Studies performed on [mu]-opioid receptor single-transmembrane variants suggest that they play an important role in enhancing morphine analgesia, presumably through stabilization of the receptor and modulation of receptor expression levels. (21,26) Moreover, activation of a truncated, 6-membrane variant of the [mu]-opioid receptor produced analgesia without the traditional side effects of opioids. (21,27) In our study, only a few [mu]-opioid receptor splice variants (2 in the peregrine falcon, 3 in the snowy owl and blue-fronted Amazon parrot) were found, compared with the 23 variants described in human and 31 variants described in the mouse (Ensembl: Human genome version GRCh37.p13; mouse genome version GRCm38.p4). This result is understandable because our study was not exhaustive, but rather of a preliminary nature, wherein we only performed 2 to 3 rounds of RT-PCR cloning and sequencing cycles for the birds studied, generally using tissues that showed comparatively high levels of RNA content based on optical density measurements. For the [kappa]-opioid receptor, only a single cDNA species was found for the birds in our study, compared with 6 transcripts described in human and 3 transcripts described in the mouse (GRCh37.p13; GRCm38.p4). Interestingly, the 5-opioid receptor splice variants were found to be more complex in the birds studied compared with those described in mammals. Three splice variants were found in both the peregrine falcon and snowy owl, incorporating novel coding and noncoding exon 4. Two splice variants were found in the blue-fronted Amazon parrot, and again a novel coding exon 4 was demonstrated. In comparison, only 2 splice variants for the [delta]-opioid receptor have been described in humans and 1 variant described in the mouse (GRCh37.p13; GRCm38.p4). Further studies targeting the avian [delta]-opioid receptor, including expression studies in other species and pharmacological trials, are warranted to further our knowledge on its function in birds.

Mutations in the [delta]-opioid receptor have been found in mammals and were associated with higher demands for alfentanil or morphine for pain relief and decreases in the potency of morphine for analgesia. (28) We currently do not know whether polymorphisms in opioid receptor genes exist in birds; further studies, including several individuals from the same species, will be necessary to ascertain whether polymorphisms in opioid receptor genes are present in birds.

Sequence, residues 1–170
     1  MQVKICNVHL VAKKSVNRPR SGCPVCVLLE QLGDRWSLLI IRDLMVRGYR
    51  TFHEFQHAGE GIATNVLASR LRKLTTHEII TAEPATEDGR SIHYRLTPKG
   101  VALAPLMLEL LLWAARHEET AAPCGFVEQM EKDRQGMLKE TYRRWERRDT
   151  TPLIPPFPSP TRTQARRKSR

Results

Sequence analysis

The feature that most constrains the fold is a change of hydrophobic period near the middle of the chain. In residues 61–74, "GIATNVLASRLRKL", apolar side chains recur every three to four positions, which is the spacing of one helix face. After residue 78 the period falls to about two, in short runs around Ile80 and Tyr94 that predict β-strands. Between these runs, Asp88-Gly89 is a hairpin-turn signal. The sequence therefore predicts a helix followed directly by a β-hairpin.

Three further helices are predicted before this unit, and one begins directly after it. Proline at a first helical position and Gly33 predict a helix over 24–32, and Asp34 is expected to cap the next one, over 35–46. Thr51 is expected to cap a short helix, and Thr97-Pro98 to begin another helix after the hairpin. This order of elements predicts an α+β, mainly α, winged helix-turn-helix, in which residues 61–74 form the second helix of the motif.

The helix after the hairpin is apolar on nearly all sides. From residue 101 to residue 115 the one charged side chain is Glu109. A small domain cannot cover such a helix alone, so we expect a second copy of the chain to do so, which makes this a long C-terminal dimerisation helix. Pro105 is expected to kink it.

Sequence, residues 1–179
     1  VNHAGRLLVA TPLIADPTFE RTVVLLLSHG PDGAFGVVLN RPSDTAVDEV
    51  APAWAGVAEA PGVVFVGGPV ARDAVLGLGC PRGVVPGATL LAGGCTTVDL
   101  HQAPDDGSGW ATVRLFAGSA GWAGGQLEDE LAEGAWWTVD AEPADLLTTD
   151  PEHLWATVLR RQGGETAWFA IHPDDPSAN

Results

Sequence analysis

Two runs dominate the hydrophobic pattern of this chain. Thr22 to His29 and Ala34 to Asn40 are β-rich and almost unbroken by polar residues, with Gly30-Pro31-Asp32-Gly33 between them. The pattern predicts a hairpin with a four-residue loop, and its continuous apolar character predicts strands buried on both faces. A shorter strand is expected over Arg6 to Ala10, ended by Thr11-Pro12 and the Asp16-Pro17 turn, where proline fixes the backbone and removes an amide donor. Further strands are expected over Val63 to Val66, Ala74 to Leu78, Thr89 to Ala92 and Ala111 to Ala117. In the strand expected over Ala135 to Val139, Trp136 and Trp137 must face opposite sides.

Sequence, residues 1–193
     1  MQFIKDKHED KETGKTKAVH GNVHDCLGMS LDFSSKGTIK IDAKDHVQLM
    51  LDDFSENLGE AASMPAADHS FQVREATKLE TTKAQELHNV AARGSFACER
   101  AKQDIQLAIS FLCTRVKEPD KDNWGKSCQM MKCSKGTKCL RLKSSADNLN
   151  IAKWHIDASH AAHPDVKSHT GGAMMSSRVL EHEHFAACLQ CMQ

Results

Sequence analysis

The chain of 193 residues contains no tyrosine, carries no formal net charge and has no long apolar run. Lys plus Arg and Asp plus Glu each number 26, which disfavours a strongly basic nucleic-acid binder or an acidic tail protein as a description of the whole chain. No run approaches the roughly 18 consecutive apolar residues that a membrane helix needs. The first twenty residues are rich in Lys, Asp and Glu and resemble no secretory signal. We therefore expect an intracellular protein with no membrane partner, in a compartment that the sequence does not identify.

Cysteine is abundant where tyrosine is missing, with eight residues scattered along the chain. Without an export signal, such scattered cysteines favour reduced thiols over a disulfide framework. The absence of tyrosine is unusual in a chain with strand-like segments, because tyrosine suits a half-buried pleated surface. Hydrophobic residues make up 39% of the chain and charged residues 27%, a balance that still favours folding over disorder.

In conclusion, the current studies present a preliminary characterization of the [mu]-, [delta]-, and [kappa]-opioid receptor gene structure and expression in a subset of birds seen in clinical avian practice. The role of the [delta]-opioid receptor merits further investigation in avian species. Further studies, including relative tissue expression of opioid receptor genes in several healthy individuals from the same species, as well as studies in additional species, are warranted.

Alexis Duhamelle, DVM, IPSAV, Diana L. Raiwet, BSc, Isabelle Langlois, DYM, Dipl ABVP (Avian), Guy Fitzgerald, DVM, MSc, and David W. Silversides, DVM, PhD

From the Department of Clinical Sciences (Duhamelle, Langlois, Fitzgerald) and Department of Biomedicine (Raiwet, Silversides), Faculte de medecine veterinaire. Universite de Montreal. Saint-Hyacinthe. QC. J2S2M2, Canada. Present address (Duhamelle): Clinique Veterinaire Alliance. 8 Boulevard Godard. 33300, Bordeaux, France.

References

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(15.) Deviche P, Cotter P, Gulledge CC. Identification, partial characterization, and hypothalamic distribution of [kappa], [mu], and [delta] opioid receptors in a passerine songbird (Junco hyemalis). Brain Res. 1993:614(1-2):220-226.

(16.) Khurshid N, Agarwal V, Iyengar S. Expression of [mu]- and [delta]-opioid receptors in song control regions of adult male zebra finches (Taenopygia guttata). J Chem Neuroanat. 2009:37(3): 158-169.

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Caption: Figure 1. Organization of peregrine falcon, snowy owl, and blue-fronted Amazon parrot transcripts for [mu]-opioid receptor genes. The organization of representative human transcripts is presented for comparison. The number of transcripts currently described for a human is presented (Ensembl: GRCh37.p13; GRCm38.p4).

Caption: Figure 2. Organization of peregrine falcon, snowy owl, and blue-fronted Amazon parrot transcripts for [kappa]-opioid receptor genes. The organization of representative human transcripts is presented for comparison. The number of transcripts currently described for a human is presented (Ensembl: GRCh37.p13; GRCm38.p4).

Caption: Figure 3. Organization of peregrine falcon, snowy owl, and blue-fronted Amazon parrot transcripts for [delta]-opioid receptor genes. The organization of representative human transcripts is presented for comparison. The number of transcripts currently described for a human is presented (Ensembl: GRCh37.p13;